When my friend Tarni first told me about this book, she told me that it was something she thought I’d be interested in reading. I’m not exactly sure why she’d think that but she was right. I knew almost immediately after reading the synopsis that it was something that I wanted — no, needed — to read.
And as if that wasn’t enough, I was immediately pulled into Kofman’s narrative when I read the first line of the first chapter:
“I was born with a broken heart. My skull, too, was almost broken the moment I took my first breath.”
I mean, come on. How can anyone not want to read on after reading that?
In the book, Kofman describes Imperfect as a book about her scars and what it is like to live in a scarred body (p.168). But Imperfect is a little more than that. It is one half a memoir and another half a critique on our culture and the way we perceive bodies — especially those that defy what is thought to be “normal” and in some cases, “beautiful”.
I know I mentioned at the beginning just how excited I was to read Imperfect, but there was also a tiny part of me that approached it with a level of wariness. As someone who hasn’t had (and in some way, still don’t) have the best relationship with her body, I knew that a book like this would be deeply affecting in ways that I can and cannot anticipate. I don’t have the kind of scars that Kofman has. I don’t have burn marks. There isn’t something on my body that very distinctly and instantly set me apart as being “different” from everyone else. But there are other battles that Kofman mentions that I am personally very familiar with. And I wasn’t quite sure if reading about them would be in anyway triggering for me.
As it turns out, my worries turned out to be unfounded. In fact, it comes as a kind of a relief to read about it. The shame, the self consciousness and the inevitable hurt that comes from the way people make you feel for simply having to wear imperfections on your skin. The feeling of being damaged goods and never being good enough for someone to want and love you. That you are somehow less of a person simply because you aren’t anywhere close to being what is typically considered to be “beautiful”. I could cry when reading it all. Where has this book been in all my life and why wasn’t it around earlier?
What I personally love about Imperfect is that it isn’t in any way a self-empowerment book. It isn’t meant to help you learn to love and accept yourself. Instead, I think it is a book that gives a voice to those who are living in bodies that are vastly different from the kind that most of us inhabit. To give us all an insight into their world and their experiences and motivations. To be on the outside looking in.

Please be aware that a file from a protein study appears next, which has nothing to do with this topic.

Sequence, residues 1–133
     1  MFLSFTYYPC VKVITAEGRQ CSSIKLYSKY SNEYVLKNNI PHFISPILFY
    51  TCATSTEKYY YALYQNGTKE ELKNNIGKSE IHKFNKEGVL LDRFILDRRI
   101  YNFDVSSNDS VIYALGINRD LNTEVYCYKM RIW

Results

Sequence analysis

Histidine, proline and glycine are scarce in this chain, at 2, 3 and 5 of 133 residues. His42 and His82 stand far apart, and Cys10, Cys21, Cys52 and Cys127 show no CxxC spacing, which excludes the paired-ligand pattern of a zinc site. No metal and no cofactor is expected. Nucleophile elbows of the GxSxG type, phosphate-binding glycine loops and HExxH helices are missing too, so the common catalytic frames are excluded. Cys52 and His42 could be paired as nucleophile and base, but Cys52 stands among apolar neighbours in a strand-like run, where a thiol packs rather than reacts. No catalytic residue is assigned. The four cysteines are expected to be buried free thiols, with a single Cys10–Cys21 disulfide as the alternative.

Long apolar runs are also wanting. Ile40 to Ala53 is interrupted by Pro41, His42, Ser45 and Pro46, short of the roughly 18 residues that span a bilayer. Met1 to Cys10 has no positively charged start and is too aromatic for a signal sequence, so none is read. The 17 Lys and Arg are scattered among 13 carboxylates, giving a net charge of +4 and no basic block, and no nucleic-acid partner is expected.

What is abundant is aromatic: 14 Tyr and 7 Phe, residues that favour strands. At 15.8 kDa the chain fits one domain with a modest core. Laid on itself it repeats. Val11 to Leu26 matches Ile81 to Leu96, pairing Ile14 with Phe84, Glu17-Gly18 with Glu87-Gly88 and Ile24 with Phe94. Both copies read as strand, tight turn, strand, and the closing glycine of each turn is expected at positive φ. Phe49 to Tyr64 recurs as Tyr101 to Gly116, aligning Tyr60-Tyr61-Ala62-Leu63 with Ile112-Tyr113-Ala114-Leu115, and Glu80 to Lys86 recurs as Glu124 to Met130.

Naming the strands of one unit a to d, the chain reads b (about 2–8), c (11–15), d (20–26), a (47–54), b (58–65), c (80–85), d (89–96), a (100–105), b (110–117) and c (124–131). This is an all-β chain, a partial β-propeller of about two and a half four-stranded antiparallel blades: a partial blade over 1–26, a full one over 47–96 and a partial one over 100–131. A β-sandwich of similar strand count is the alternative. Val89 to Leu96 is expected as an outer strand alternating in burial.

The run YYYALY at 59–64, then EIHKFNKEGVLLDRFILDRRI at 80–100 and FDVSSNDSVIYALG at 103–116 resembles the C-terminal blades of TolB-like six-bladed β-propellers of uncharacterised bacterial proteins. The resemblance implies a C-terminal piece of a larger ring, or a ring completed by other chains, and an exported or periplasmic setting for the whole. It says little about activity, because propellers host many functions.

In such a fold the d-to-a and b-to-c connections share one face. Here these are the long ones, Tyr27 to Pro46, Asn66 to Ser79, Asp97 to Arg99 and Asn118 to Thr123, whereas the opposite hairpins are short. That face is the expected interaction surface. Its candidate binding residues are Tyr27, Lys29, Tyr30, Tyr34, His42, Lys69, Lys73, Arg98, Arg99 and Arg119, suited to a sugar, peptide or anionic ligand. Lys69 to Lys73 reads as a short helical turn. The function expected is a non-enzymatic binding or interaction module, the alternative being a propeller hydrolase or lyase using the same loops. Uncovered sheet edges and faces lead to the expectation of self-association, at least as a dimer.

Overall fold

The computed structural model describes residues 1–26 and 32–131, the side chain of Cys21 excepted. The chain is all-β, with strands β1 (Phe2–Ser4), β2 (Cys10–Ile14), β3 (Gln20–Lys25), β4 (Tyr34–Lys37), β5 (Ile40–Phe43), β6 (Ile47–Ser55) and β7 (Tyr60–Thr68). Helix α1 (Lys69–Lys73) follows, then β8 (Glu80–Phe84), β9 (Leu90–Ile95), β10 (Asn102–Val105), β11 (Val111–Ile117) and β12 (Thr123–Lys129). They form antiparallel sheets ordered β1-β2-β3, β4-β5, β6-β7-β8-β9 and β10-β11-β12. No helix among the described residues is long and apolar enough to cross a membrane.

(Kofman describes it as being in a kind of an exclusive club, yet it is pretty clear from reading her interviews and narrative that even members of said club can find it difficult to navigate the dangerous waters of being around each other. Do we talk about the elephant in the room? How much can we talk and probe about it without going too far?)
But Kofman doesn’t just stop there. She takes us with us her as she examines the common perception of beauty (as being something associated with perfection), coaxes us into another form of beauty that is expressed instead through authenticity and raises us some very interesting questions. Why can’t you be scarred and beautiful? Why do you have to be one or the other?
And more interestingly (to me anyway), Kofman also tries to explore what it is like to be on the other side, to be someone who finds beauty in imperfection and to be someone who finds all these things that others find ugly to be immensely attractive. It is a kind of perspective that I don’t think is readily available and it’s interesting to view the world (and other people) through this particular lens. As a reader, it gives me pause and makes me re-evaluate the way I view my world. Which may or may not have been part of the points that Imperfect makes.
I know I’ve made no mention of Kofman’s story so far even though the book is one half her memoir and it’s not because I find it less interesting and/or irrelevant. If anything, I love the way she interweaves her personal accounts with those from her journey in the course of writing this book. I find her resilience inspiring, her writing to be something exactly right up my alley and her life story to be something truly extraordinary. I just think that her story is something she should be the one telling, which, of course, she does in the book. It’s something I want people to read about for themselves instead of what I have to say about it.
Imperfect may have in part begun as one story — Kofman’s story — but I think it went on to being a world of stories. It is an intriguing and enthralling book to read and I know that I speak for a lot of people when I say that it is a book I am overjoyed it exists. Reading it made me cry. It made me smile. It allowed me, for a moment or two, to feel that I am not alone in my pain. I could not put it down for the world.